I am making an application where I will be fetching tweets and storing them in a database. I will have a column for the complete text of the tweet and another where only the words of the tweet will remain (I need the words to calculate which words were most used later).

How I currently do it is by using 6 different .replaceAll() functions which some of them might be triggered twice. For example I will have a for loop to remove every "hashtag" using replaceAll().

The problem is that I will be editing as many as thousands of tweets that I fetch every few minutes and I think that the way I am doing it will not be too efficient.

What my requirements are in this order (also written in comments down below):

  1. Delete all usernames mentioned
  2. Delete all RT (retweets flags)
  3. Delete all hashtags mentioned
  4. Replace all break lines with spaces
  5. Replace all double spaces with single spaces
  6. Delete all special characters except spaces

Here is a short and compilable example:

public class StringTest {

    public static void main(String args[]) {

        String text = "RT @AshStewart09: Vote for Lady Gaga for \"Best Fans\""
                + " at iHeart Awards\n"
                + "\n"
                + "RT!!\n"
                + "\n"
                + "My vote for #FanArmy goes to #LittleMonsters #iHeartAwards"
                + " htt…";

        String[] hashtags = {"#FanArmy", "#LittleMonsters", "#iHeartAwards"};
        System.out.println("Before: " + text + "\n");

        // Delete all usernames mentioned (may run multiple times)
        text = text.replaceAll("@AshStewart09", "");
        System.out.println("First Phase: " + text + "\n");

        // Delete all RT (retweets flags)
        text = text.replaceAll("RT", "");
        System.out.println("Second Phase: " + text + "\n");

        // Delete all hashtags mentioned
        for (String hashtag : hashtags) {
            text = text.replaceAll(hashtag, "");
        System.out.println("Third Phase: " + text + "\n");

        // Replace all break lines with spaces
        text = text.replaceAll("\n", " ");
        System.out.println("Fourth Phase: " + text + "\n");

        // Replace all double spaces with single spaces
        text = text.replaceAll(" +", " ");
        System.out.println("Fifth Phase: " + text + "\n");

        // Delete all special characters except spaces 
        text = text.replaceAll("[^a-zA-Z0-9 ]+", "").trim();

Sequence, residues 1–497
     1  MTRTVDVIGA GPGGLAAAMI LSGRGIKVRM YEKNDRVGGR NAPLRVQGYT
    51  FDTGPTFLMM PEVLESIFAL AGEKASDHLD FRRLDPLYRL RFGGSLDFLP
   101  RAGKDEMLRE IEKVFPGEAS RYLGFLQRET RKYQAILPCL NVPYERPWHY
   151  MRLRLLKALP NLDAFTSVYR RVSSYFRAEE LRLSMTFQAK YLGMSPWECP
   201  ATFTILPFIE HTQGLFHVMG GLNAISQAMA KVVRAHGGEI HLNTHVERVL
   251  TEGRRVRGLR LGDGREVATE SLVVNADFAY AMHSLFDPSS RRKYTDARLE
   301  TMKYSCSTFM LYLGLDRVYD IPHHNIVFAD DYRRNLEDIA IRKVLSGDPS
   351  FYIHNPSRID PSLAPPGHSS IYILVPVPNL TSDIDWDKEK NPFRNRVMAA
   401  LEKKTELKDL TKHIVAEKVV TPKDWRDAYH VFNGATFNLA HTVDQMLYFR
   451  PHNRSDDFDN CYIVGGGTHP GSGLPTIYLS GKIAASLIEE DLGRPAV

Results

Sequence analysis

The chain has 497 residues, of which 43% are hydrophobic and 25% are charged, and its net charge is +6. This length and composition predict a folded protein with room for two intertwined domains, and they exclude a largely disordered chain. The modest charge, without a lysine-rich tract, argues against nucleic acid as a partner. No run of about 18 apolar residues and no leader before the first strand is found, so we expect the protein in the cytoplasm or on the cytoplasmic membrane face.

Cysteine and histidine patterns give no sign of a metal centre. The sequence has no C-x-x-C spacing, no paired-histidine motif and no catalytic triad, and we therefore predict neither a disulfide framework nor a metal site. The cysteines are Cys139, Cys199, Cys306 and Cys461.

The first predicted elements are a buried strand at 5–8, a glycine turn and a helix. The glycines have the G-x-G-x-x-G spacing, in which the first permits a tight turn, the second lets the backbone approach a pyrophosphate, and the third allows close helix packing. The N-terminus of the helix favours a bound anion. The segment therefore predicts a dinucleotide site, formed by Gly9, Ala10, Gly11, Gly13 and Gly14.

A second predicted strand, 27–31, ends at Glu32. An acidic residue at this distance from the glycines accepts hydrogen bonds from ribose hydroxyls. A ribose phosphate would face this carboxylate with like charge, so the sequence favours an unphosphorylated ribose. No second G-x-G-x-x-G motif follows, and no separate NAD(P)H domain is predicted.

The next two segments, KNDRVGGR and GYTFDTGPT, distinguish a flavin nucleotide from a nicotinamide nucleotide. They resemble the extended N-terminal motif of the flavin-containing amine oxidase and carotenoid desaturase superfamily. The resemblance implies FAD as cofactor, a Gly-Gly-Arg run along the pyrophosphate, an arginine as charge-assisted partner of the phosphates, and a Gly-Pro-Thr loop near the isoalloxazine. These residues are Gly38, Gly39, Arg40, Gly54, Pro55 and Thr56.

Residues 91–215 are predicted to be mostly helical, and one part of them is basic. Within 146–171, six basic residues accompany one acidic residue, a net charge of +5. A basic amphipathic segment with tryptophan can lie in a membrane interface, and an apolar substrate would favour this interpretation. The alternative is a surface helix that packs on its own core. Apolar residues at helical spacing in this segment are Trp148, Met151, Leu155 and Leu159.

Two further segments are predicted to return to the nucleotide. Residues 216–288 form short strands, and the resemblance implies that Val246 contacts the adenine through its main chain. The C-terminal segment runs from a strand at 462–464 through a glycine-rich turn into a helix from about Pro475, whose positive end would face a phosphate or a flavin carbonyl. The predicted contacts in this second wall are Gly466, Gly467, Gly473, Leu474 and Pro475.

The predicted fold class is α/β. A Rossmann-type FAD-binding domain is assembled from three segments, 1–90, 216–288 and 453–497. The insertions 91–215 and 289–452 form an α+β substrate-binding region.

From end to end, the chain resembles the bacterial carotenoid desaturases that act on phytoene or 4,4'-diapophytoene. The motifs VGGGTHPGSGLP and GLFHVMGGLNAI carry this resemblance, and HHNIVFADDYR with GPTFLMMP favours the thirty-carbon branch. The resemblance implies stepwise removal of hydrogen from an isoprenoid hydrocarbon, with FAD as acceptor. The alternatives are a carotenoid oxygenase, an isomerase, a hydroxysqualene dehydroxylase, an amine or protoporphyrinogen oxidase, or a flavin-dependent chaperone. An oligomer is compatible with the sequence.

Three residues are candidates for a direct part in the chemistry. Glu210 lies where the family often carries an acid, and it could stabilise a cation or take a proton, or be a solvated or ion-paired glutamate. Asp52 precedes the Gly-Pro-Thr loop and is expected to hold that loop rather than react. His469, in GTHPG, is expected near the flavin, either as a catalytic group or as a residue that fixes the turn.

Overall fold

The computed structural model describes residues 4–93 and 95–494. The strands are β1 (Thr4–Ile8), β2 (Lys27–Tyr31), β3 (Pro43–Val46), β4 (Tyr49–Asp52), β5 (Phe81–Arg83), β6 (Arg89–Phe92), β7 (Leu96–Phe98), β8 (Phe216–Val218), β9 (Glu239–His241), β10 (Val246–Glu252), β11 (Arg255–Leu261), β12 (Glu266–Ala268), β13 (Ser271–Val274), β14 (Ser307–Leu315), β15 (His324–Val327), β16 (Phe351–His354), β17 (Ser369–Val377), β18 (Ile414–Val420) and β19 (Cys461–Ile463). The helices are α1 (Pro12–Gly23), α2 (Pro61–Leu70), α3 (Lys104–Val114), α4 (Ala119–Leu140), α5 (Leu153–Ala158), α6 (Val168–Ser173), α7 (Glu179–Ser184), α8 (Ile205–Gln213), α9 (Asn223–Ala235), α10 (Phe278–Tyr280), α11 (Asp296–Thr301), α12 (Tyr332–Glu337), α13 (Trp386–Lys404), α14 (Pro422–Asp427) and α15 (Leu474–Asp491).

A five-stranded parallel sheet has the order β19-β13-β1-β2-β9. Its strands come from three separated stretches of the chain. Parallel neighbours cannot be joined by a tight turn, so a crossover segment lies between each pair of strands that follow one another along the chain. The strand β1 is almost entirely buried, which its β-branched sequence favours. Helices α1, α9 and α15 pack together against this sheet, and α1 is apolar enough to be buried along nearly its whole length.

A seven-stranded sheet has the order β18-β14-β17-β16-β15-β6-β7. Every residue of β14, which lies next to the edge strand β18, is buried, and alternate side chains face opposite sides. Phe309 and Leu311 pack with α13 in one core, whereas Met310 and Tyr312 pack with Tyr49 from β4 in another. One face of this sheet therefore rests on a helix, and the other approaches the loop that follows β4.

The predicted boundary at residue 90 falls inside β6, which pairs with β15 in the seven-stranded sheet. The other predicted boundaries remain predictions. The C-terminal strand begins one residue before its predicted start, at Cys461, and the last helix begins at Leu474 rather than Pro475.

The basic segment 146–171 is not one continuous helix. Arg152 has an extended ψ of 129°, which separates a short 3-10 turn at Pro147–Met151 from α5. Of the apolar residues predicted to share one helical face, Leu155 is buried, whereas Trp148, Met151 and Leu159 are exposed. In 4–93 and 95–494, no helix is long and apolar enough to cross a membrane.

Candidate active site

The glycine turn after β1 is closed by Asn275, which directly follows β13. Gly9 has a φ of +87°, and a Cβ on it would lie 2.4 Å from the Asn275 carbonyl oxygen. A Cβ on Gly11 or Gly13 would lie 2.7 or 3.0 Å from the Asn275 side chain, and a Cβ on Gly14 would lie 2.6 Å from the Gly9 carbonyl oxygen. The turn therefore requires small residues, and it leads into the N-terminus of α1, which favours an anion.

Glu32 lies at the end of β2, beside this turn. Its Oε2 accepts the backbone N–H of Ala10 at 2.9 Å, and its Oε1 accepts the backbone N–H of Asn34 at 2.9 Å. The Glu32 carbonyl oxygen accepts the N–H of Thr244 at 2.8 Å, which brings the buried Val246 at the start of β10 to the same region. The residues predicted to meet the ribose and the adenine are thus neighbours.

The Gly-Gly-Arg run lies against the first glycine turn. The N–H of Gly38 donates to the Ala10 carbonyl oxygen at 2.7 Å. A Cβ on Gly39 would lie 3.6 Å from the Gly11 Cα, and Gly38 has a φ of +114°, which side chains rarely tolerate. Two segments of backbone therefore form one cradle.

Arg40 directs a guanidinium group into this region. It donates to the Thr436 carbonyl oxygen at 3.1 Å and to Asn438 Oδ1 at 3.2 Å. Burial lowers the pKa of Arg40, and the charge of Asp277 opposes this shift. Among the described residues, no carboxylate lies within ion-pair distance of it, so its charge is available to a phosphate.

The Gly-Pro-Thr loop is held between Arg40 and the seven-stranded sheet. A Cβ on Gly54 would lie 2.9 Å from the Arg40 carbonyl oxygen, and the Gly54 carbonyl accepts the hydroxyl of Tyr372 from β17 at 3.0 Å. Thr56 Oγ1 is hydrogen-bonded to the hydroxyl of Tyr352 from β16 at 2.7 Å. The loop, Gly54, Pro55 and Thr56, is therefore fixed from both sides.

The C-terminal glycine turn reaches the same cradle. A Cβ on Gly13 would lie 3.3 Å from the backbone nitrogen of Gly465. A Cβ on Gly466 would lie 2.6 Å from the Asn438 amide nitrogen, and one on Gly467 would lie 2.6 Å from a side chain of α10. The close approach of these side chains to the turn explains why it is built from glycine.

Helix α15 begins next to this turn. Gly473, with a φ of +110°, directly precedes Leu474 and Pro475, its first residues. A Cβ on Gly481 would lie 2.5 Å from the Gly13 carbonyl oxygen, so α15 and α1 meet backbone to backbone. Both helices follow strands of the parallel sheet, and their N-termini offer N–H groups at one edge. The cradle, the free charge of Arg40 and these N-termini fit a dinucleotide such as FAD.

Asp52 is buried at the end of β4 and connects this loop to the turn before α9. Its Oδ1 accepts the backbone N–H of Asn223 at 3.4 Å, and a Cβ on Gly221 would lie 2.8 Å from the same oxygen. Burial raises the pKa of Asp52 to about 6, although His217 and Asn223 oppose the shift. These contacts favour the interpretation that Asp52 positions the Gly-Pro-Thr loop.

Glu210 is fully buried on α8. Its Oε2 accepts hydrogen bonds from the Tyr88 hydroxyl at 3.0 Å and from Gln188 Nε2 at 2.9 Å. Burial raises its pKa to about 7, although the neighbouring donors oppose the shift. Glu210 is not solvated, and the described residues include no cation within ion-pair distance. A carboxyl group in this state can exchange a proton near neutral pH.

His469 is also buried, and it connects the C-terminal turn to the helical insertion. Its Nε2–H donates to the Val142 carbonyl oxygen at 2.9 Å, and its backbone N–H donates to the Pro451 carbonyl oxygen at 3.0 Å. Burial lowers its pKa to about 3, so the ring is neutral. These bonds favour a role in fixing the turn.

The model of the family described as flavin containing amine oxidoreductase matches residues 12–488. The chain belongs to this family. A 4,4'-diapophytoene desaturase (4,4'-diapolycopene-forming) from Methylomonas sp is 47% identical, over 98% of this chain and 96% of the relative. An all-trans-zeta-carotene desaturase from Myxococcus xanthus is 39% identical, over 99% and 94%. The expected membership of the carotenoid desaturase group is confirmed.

System.out.println("Finaly: " + text);

(subject to further changes)

In your simple example, how are the hashtags and usernames actually derived from the tweet?

My suggestion is to tokenize the tweet by whitespaces first, then look at the individual words to determine if they must be stored ("Vote") or discarded ("#LittleMonsters").

    // Delete all RT (retweets flags)
    text = text.replaceAll("RT", "");

You do realize that this will turn text like "ART!" into just "A!" right? Tokenizing first should remedy this issue.

On a related note, Apache Incubator Storm's tutorials usually use tweets as an example to demonstrate the Big Data approach. I'm not suggesting that you need such a set-up in your context, but perhaps you can give those a quick read-through to pick up some tips.

  • \$\begingroup\$ I am using the twitter4j library to grab the tweets. Every tweet has the text field and it also has a usernameMentioned array (where all the mentioned usernames are kept) and a hashtags where all the hashtags in the tweet are stored. As for the RT I could probably get away with this by using .replaceFirst() I guess. \$\endgroup\$
    – Aki K
    Apr 17 '14 at 9:18
  • \$\begingroup\$ Thanks for the explanation. One can always type before "RT ..." right? The issue will not go away with .replaceFirst() then... :) \$\endgroup\$
    – h.j.k.
    Apr 17 '14 at 10:05
  • \$\begingroup\$ I have changed the code a bit (also adding link removal functionality and taking care of the RT issue) but even though the code definitely looks better I am not sure if it is quite efficient since I am still using 5 .replaceAll(). \$\endgroup\$
    – Aki K
    Apr 17 '14 at 10:29

Your Answer

By clicking “Post Your Answer”, you agree to our terms of service, privacy policy and cookie policy

Not the answer you're looking for? Browse other questions tagged or ask your own question.